By Betsy Jinks
Kay Barrett may be a lot of things — happa (one Asian American parent, one non-Asian parent), transgendered, martial artist, queer, poet — but quiet is not one of them.
This Tuesday, Barrett came to the College to perform some of his poetry at the Rathskeller, and despite being sick with a bad cough, still gave a strong performance.
Barrett’s poetry chronicled everything from being in love, being the son of an immigrant mother from the Philippines, abusive relationships and the need inside every person to be who they really are.
“(The record company asked), ‘You’re gay, do you just have the gay poem?’ ‘You’re Asian, do you just have the Asian poem?’” Barrett recalled of trying to get his first CD made.
Barrett said he hoped his audience “could see identity as being complicated.”
Barrett started writing poetry at a young age, when his mother and grandfather would write poetry with him. Barrett also attributes his success as a poet to mentors “who have really grown me.”
PRISM invited Barrett to perform as part of Queer Awareness Month, which has been hosting events throughout October.
Barrett opened his show by placing a tubel — a Philippino scarf — on the ground. Audience members were then asked to think of a loved one and place their memory on the scarf so that the performance would be dedicated to them.
Between the seven poems Barrett performed throughout the night he would talk to the audience. Topics ranged from his current relationship to his girlfriend of five years to stories of drunk people criticizing his work.
Occasionally, Barrett would poll the audience, for example, having people raise their hand if they “have a crush” or “are in love.”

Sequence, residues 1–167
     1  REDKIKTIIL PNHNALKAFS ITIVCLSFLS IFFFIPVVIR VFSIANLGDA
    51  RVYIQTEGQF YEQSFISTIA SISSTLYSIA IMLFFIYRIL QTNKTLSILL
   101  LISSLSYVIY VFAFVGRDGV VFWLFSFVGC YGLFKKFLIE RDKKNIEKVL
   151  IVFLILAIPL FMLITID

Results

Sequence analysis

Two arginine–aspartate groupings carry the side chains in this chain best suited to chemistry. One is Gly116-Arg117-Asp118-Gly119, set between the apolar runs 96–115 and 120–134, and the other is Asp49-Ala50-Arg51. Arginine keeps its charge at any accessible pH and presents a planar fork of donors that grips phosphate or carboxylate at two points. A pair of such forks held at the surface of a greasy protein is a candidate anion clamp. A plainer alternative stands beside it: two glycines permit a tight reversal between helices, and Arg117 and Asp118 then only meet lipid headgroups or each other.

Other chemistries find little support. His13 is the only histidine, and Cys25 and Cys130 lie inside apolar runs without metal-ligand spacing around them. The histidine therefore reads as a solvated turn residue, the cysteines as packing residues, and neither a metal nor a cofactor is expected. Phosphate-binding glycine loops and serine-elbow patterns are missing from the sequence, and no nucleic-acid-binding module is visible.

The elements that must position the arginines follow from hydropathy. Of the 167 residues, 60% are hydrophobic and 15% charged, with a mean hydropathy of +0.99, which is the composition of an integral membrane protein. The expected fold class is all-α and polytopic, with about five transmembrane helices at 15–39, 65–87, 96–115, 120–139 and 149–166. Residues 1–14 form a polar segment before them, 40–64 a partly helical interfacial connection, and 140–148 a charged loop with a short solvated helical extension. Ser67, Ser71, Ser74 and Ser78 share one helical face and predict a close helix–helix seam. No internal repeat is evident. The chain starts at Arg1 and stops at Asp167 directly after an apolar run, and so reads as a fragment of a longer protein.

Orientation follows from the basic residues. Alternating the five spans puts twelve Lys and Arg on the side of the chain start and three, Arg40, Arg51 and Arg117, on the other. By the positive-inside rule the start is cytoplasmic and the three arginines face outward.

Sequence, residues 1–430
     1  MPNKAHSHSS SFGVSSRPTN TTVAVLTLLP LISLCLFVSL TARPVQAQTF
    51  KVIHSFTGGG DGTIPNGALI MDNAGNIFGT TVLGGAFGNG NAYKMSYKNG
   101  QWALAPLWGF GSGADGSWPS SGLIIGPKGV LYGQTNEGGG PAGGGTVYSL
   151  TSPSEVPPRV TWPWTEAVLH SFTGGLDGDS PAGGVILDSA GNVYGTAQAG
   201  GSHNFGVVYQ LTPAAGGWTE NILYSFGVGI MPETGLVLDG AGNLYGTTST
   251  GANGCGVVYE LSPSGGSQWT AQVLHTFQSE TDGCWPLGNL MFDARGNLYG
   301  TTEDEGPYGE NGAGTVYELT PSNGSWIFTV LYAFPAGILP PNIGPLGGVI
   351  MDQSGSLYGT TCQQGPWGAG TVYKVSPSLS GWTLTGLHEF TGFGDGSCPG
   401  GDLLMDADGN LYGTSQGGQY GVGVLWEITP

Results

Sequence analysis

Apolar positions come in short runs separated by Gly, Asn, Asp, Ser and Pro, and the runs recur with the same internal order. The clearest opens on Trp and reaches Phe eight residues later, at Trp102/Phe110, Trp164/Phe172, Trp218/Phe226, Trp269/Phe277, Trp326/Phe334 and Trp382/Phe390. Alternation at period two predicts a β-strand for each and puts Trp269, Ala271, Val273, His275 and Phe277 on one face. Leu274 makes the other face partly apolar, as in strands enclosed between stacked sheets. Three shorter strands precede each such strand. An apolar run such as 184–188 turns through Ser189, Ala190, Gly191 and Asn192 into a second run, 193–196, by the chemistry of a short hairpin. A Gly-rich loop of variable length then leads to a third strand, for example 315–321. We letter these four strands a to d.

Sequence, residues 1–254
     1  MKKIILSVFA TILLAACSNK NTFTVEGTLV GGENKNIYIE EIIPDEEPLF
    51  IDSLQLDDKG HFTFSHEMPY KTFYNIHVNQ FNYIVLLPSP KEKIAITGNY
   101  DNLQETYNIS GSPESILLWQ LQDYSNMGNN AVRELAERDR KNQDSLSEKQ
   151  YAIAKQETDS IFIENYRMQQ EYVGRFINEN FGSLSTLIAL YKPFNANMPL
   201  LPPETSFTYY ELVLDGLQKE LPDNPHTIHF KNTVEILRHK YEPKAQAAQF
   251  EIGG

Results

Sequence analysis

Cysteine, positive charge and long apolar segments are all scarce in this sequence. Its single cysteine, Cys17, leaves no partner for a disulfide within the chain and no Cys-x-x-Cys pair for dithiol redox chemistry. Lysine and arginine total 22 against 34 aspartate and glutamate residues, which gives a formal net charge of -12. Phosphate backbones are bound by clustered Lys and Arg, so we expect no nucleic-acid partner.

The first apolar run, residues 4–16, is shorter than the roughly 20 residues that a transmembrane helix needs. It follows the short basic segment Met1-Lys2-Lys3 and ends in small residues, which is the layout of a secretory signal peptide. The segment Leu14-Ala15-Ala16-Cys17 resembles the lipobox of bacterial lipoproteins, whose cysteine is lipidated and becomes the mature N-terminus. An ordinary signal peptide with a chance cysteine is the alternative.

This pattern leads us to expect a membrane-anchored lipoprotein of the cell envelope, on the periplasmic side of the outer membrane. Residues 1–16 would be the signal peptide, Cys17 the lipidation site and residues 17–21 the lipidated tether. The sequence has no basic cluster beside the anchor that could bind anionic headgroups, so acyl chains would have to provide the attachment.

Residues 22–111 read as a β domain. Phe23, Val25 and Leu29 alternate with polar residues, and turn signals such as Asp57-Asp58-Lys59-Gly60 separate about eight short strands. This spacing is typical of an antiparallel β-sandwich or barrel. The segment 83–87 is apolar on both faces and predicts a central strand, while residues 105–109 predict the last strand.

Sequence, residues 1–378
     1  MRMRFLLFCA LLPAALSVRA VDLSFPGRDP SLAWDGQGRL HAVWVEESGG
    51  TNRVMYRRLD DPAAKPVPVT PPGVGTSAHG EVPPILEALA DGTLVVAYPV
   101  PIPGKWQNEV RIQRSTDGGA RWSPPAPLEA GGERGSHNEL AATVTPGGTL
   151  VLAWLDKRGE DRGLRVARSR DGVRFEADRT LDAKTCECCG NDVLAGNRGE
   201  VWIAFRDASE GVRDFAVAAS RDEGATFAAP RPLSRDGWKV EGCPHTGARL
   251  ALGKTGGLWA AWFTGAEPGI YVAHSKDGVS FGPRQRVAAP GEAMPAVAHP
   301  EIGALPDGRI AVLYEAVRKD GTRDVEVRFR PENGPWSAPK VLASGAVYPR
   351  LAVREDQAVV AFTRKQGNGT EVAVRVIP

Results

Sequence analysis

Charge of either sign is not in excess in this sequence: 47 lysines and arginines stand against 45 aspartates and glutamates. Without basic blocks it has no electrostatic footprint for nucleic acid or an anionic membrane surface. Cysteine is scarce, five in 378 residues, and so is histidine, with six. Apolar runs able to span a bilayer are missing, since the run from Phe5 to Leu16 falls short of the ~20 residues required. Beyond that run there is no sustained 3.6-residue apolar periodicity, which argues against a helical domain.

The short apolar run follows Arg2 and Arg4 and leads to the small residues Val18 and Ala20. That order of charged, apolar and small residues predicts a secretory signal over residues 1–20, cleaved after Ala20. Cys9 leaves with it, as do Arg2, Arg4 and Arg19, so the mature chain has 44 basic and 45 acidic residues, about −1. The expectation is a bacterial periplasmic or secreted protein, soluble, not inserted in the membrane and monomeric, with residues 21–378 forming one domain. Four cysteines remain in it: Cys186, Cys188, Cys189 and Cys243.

Barrett’s first poem was “Uncertain.” He spoke of his mother and her struggles as an immigrant, and Barrett’s own struggles with his identity.
Next was “Beloved,” a tribute to Barrett’s girlfriend, followed by “Foreign,” which attacked the negative connotations of the word and claimed it is “not a system of identity,” or that a person is not simply defined by one characteristic.
“Since My Body” was the next poem, described by Barrett as much “heavier” than his other works. It talked about sexual assault and abuse in the gay community, something Barrett says he believes is not talked about enough.
After that was “Letter to My Unborn,” which was directed towards Barrett’s hypothetical future child.
“Rhythm is a Dancer” was about a now-closed LGBT club in Chicago which Barrett said allowed LGBT youth to be who they really were and not who they were expected to be at home.
Barrett closed with “Homeboys and Butches Don’t Write Enough Poems,” encouraging LGBT youth to express themselves.
After his readings, Barrett held a brief question and answer session with audience members, then sold copies of his CD, “As My Body.”